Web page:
A YTD chart of the FANG stocks shows one name sticking out like a sore thumb: Netflix, which at $99, is well below where it was trading at the start of the year, and substantially underperforming its FAG peers. Unfortunately for shareholders of the video streaming company, there is more pain in stock today because overnight Macquarie released a report titled “Crouching Tiger, Hidden Challenges“, in which it downgraded the stock to an Underperform with a $85 price target.
Here is the justification:
We are downgrading NFLX shares from Neutral to Underperform. We believe Netflix will succeed over time in its global expansion but the near-term may not be easy, with high content costs, increasing competition from Amazon in the US, and competitive markets in many countries that Netflix has launched into this year. Our views are shaped by contributions from Macquarie global TMT analysts that contributed to our accompanying report out today, “Global SVOD – Netflix, Amazon & the rise of the locals”.
International expansion isn’t easy. Many countries Netflix is expanding into have been growing pay TV markets with incumbent operators that have invested in VOD/SVOD offerings, often as add-ons to existing subscriptions. In addition, numerous SVOD services have gotten off the ground, often at cheaper prices and offering more local content. Many of Macquarie’s global TMT analysts are sceptical of Netflix’s initial launch efforts, citing price and lack of compelling content as risks. We have factored these views into our international subscriber model, where we estimate below-consensus 73m subs by 2019. We believe success will require partnering with local content providers and/or investing in more local content, or in content that will travel. This will be expensive – indeed, Netflix’s total content obligations have ballooned to $16-18bn including “unknown” off-balance sheet commitments, and could well rise further. We have developed a model that we’ve accurately employed before to forecast Netflix’s 3-year P&L content costs, which we work into our assumptions, leading us to cut EPS estimates in 2017, 2018 and 2019.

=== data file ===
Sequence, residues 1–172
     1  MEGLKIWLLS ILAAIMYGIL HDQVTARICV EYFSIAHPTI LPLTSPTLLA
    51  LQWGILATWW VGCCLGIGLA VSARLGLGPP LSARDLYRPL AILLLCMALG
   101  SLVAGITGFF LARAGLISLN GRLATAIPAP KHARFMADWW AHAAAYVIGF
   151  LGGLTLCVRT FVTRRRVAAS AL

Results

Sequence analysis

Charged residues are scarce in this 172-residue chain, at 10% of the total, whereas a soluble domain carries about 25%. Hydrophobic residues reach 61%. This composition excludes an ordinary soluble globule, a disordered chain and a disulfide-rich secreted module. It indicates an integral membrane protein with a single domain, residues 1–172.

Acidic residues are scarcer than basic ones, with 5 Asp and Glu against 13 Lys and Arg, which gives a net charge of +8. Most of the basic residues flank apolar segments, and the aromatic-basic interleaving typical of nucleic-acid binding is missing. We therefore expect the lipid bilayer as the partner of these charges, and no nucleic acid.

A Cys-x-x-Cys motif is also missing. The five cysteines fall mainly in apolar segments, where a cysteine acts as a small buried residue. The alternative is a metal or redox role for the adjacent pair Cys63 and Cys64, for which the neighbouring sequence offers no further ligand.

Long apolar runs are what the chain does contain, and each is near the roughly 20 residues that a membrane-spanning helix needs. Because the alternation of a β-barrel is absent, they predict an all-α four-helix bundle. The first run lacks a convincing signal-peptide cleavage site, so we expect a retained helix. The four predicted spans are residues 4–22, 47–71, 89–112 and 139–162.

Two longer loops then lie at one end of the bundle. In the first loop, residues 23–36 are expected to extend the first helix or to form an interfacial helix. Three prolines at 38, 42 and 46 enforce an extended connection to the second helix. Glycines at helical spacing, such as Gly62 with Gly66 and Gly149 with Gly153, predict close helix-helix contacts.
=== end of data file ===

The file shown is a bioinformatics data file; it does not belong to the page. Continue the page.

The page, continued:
US growth could also be tougher in the near term, with more competition from Amazon, which is doubling its content spending this year, and a plethora of OTT options coming to market, from HBO Now to skinny bundles to virtual MVPDs like Hulu Plus. These will all compete for producers’ content and consumers’ time.
Longer term however we think SVOD is rising inexorably and there’s little doubt Netflix will do well, with deep pockets, top-notch data to inform on viewership, and a pricing lever, having now raised ASP and delivered good revenue improvement – up 28% in Q2.
Earnings and target price revision
We are reducing 2017E EPS from $0.85 to $0.74.
12-month price target: US$85.00 based on a DCF methodology.
Catalyst: Programming or subscriber updates, Q3 results in Oct.
Action and recommendation
Downgrade to Underperform. We expect investors will remain focused on raw sub numbers, which could disappoint near-term from both international sub adds and price elasticity on demand in the US. These effects could increasingly stand out in light of the high content costs.